In our last blog we started to explore how it is possible to build a culture of measurement and covered the first four steps required to help make measurement part of your organisational fabric. To recap we covered:
1. Communicating the need for a measurement culture
2. Why measurement starts at the top
3. How to enable free-flowing business data-sharing
4. Why it is important to let data change your mind
Now we tackle the remaining four elements needed to complete that transformation.
5. Train, collaborate and listen (to each other)
OK, not everybody needs to have the mad skills—or the PhD—of a data scientist. But everybody can have an attitude that embraces learning with data, and the use of empirical evidence to inform decisions. So, offer employee training in bite-sized bits, it only takes minutes to learn to use Excel pivot tables. A measurement culture means more than just educating and inspiring employees. It means encouraging collaboration and the sharing of experience. Devise techniques so that people of different data proficiencies can interact, hear from each other and share ideas. Give them space together, either in real life, or in your Zoom equivalent. Lunch and learn case study presentations always work well (here is a fascinating measurement story to inspire you).
AMEC’s Integrated Evaluation Framework is a tremendously valuable tool. Employees of all levels can use it to understand and contribute to the measurement process. In addition, it codifies best practices, so that your measurement practice becomes a concrete activity, rather than just the whimsy of senior leaders.
6. Recognise and celebrate the learning value of failure
Nobody wants to make a mistake. Still, learning from mistakes is a big part of using measurement to improve your programs. You must risk failure as part of the process; proper measurement accepts the necessity of learning from mistakes.
Johna Burke of AMEC’s view is exactly that: “I believe that failure or poor performance actually defines how people, programs, and organisations get better. Even if you failed to improve, victory lies in knowing why you failed, and using that to improve going forward. We urge people not to worry about turning in a report with a line going down, as long as you can explain it and have a plan for changing that trend.”
Help employees understand that mistakes are not just normal, but a vital part of learning and improvement. Develop techniques to make admitting failure a positive rather than a negative, measurement facilitates accountability, owning missteps and failure is part of that.
7. Cultivate team spirit
Most PR programs and their measurement require a range of skills to accomplish, often requiring people who might not usually work together to collaborate. The larger the project, the more it benefits from the trust and cooperation of leadership and fellow employees.
Your program might need data from sales or accounting or membership. It might need IT or coding or stats assistance. Regardless of who is involved, you will certainly need agreement on objectives from anyone who will sign off on, or approve, your reports. Agreement on objectives is a critical means to confirm that your work fits with the organisational mission, and with the work of other employees.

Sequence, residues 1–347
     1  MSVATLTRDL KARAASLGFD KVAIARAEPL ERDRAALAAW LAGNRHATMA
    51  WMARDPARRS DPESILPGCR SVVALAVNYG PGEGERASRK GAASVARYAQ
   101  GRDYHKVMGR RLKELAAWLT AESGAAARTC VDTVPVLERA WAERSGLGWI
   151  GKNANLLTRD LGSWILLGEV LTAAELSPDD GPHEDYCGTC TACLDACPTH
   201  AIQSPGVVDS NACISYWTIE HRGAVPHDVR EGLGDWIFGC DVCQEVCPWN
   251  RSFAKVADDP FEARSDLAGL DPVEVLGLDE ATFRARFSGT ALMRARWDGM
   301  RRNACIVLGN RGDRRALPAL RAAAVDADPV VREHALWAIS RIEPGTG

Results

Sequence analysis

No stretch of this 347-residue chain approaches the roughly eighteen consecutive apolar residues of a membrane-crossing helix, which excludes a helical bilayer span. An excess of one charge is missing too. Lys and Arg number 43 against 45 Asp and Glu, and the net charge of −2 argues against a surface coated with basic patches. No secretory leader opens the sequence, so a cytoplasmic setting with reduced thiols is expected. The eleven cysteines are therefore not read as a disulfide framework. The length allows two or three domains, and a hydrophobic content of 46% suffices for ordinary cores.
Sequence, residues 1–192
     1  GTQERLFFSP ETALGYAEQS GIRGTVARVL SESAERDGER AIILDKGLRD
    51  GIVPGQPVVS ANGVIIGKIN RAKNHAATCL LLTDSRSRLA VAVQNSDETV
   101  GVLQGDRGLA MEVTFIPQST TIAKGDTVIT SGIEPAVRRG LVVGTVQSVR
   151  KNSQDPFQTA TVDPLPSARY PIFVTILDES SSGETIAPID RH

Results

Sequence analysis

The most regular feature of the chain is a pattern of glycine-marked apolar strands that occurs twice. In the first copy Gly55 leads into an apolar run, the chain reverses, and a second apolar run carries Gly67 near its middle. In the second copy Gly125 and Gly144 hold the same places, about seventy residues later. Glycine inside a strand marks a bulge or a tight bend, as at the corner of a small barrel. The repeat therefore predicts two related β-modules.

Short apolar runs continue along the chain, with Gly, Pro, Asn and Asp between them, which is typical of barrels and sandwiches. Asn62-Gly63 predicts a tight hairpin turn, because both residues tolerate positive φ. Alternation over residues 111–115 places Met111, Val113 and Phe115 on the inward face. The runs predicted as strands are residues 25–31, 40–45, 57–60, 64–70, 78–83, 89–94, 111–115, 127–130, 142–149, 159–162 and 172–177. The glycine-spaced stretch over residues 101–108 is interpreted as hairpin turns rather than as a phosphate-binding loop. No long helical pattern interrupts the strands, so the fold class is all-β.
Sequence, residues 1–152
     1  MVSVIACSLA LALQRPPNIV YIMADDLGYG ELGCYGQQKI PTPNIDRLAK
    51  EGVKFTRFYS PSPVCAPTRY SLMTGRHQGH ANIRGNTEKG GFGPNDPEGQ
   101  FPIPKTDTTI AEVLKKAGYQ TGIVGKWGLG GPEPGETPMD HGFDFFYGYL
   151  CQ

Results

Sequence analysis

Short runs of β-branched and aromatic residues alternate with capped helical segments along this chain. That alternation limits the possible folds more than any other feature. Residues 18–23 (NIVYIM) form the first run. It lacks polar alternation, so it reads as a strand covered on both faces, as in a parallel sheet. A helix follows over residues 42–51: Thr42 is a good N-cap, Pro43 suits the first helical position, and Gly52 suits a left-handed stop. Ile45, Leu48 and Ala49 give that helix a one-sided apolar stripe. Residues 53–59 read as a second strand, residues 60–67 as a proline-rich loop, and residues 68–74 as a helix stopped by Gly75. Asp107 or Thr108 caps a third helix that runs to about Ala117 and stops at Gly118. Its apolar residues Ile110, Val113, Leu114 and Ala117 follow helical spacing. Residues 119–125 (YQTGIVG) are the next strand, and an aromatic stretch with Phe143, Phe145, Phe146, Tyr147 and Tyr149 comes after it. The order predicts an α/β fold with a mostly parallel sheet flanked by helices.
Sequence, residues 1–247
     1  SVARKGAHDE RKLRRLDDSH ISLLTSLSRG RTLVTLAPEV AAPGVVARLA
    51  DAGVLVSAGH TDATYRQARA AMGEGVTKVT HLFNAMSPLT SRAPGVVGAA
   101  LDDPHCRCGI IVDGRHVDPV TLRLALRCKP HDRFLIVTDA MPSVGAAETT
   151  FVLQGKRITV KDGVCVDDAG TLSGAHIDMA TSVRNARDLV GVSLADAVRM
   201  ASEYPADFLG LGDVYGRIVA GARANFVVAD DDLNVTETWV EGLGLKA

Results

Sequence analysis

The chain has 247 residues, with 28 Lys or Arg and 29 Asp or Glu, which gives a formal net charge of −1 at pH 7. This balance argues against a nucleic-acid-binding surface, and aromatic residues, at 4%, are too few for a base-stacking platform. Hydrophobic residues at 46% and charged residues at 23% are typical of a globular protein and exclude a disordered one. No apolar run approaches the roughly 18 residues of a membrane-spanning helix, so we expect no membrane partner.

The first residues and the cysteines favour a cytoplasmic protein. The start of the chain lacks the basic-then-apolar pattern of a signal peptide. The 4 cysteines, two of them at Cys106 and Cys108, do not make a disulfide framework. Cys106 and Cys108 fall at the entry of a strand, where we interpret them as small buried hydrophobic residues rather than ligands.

According to Johna Burke: “Comms people need to have the confidence to ask for the data they need to tell the full story of their campaigns—and indeed of the company itself. They need access to the CRM and a comprehensive understanding of the various schema and metrics to get the full picture of what’s going on in the organisation. Comms often does not have the expertise to do it alone; they need to work with trained data scientists to turn data into stories.”
8. Drive employee satisfaction through a feeling of control and predictability
Finally, we’ve experienced time and again how measurement culture enables employees to measure not just their PR programs, but understand the value of their own efforts. To feel good, be productive, and feel optimistic about personal and professional life, we humans have evolved a huge need for control and predictability in our personal and professional lives. We want to feel that we understand what is happening around us, that we can influence what happens, and that we have a reliable insight into what is happening tomorrow and in the future. And we want to know we are not wasting our time and brain power on worthless corporate tasks that have very little to do with the organisation’s success. For employees to remain motivated and engaged, they must be able to see the impact and the value of the work they’re doing. That’s where measurement, particularly media intelligence, is critical.
What is your experience of how your organisation has embraced measurement as part of its DNA? What have we missed? What worked and what didn’t? We would love to hear your stories…